Windows 10 Zero-Day Exploit Affecting Task Scheduler Disclosed Online

Another zero-day bug in Windows 10 surfaced online after the discoverer of the flaw disclosed the exploit publicly. The vulnerability exists in the Task Scheduler. This Windows 10 Zero-Day allows for a local privilege escalation (LPE) vulnerability.

Windows 10 Zero-Day In Task Scheduler

The researcher SandBoxer has allegedly dropped his exploit code online for a Windows 10 zero-day publicly. The flaw exists in Windows 10 Task Scheduler and can allow a potential attacker to gain elevated privileges on the target system.

The researcher has shared the exploit code on GitHub. As revealed, the problem exists in the way Task Scheduler imports .job files. The Task Scheduler imports the .job file with arbitrary DACL (discretionary access control list) permissions. An attacker can run a malicious .job file exploiting the way Task Scheduler modifies DACL permissions for a file. In the absence of DACL, any user can get full access to the file by the system.

According to the description given by SandBoxer,

In the old days (i.e Windows XP) tasks would be placed in c:\\windows\\tasks in the “.job” fileformat. If on windows 10 you want to import a .job file into the task scheduler you have to copy your old .job files into c:\\windows\\tasks and run the following command using “schtasks.exe and schedsvc.dll” copied from the old system.

Executing the two copied commands leads to remote procedure call (RPC) thereby registering the task.

This will result in a call to… RPC “_SchRpcRegisterTask”, which is exposed by the task scheduler service… It starts out by impersonating the current user. But when it hits… function… It starts impersonating itself (NT AUTHORITY\\SYSTEM)! And then calls SetSecurityInfo on a task it created in c:\\windows\\system32\\tasks.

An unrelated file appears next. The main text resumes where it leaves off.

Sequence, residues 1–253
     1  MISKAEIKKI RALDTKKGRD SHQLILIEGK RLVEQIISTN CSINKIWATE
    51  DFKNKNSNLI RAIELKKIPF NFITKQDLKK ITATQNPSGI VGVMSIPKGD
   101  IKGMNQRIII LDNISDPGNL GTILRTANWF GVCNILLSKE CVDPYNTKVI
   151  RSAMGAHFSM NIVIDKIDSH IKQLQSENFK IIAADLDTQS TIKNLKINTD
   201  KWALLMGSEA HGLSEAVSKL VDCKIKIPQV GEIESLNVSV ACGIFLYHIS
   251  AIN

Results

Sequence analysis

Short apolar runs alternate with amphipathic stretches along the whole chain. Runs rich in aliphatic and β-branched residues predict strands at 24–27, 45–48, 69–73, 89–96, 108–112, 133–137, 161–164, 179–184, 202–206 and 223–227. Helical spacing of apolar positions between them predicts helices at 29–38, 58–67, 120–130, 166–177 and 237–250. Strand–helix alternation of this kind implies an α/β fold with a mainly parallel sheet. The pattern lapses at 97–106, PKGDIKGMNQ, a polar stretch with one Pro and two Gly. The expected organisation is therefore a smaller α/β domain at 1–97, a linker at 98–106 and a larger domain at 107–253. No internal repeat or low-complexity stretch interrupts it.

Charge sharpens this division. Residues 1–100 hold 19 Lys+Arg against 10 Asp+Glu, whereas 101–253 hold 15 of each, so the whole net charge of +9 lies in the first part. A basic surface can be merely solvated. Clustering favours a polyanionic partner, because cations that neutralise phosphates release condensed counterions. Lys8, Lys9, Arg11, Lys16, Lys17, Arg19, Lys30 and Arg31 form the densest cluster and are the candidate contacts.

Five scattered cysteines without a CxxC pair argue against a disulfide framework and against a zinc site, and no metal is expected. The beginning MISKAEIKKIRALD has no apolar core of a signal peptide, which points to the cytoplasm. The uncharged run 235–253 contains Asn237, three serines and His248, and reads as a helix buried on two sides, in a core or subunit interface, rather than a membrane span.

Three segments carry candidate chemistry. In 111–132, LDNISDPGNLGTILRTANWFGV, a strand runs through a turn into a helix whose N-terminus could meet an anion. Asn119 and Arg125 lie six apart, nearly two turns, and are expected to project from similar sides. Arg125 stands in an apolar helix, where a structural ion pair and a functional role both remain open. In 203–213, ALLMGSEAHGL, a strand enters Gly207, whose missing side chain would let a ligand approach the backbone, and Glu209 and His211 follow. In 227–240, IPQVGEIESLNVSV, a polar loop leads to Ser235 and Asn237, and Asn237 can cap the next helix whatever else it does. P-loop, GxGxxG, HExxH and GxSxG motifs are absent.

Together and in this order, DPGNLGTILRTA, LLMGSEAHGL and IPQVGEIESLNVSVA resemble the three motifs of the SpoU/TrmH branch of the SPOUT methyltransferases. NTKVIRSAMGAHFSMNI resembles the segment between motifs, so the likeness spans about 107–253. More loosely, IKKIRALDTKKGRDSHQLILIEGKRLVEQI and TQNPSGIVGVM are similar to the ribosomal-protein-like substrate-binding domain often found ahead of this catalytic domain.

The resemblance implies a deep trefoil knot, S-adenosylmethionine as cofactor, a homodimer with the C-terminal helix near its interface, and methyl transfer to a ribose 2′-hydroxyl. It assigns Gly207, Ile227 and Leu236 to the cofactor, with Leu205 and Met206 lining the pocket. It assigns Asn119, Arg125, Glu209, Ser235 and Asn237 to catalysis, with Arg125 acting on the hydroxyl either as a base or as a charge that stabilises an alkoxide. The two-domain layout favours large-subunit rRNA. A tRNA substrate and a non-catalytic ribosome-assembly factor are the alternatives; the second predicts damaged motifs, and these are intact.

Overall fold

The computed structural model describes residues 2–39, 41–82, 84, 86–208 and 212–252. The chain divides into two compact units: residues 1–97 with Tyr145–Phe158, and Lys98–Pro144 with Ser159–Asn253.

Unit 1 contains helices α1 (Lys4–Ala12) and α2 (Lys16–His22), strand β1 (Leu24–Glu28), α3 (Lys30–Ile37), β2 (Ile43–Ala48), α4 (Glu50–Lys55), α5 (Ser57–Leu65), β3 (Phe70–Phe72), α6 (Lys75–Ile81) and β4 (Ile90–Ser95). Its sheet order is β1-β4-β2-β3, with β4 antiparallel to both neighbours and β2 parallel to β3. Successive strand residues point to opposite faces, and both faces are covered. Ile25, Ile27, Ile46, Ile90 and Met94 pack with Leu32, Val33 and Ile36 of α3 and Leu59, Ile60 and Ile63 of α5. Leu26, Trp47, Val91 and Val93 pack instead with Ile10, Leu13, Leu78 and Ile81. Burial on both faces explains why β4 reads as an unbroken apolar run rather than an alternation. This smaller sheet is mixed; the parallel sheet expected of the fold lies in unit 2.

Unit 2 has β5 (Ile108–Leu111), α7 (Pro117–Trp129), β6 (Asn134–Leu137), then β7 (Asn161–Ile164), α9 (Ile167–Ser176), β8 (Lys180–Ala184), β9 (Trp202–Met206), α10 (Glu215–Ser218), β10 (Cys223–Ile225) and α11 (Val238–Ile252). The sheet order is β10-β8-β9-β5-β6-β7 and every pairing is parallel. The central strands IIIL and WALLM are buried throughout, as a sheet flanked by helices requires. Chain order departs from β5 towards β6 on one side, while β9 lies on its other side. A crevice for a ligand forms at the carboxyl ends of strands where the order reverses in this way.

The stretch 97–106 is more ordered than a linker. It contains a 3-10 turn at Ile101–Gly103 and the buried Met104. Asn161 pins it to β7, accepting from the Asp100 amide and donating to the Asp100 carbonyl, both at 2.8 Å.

The following video demonstrates how the bug works.

No Patch Available For Now

Vulnerability analyst at CERT/CC, Will Dormann, confirmed in his trail of tweets about the validity of the exploit.

As per his observations, the exploit works well on Windows 10 (standard 1903 build), 64-bit Windows 10, Windows Server 2016, and Windows Server 2019. However, he could not reproduce it on Windows 7 and 8.

For now, no patch is available for this bug from Microsoft. Perhaps, we may expect to see a fix with June’s scheduled updates.

This isn’t the first time that SandBoxer disclosed a zero-day publicly. Rather this practice for Windows 10 bugs dates back to August 2018, when she highlighted an ALPC zero-day in Task Scheduler. Microsoft patched the flaw with September 2018 Patch Tuesday updates. However, before the fix, the bug went under active exploits.

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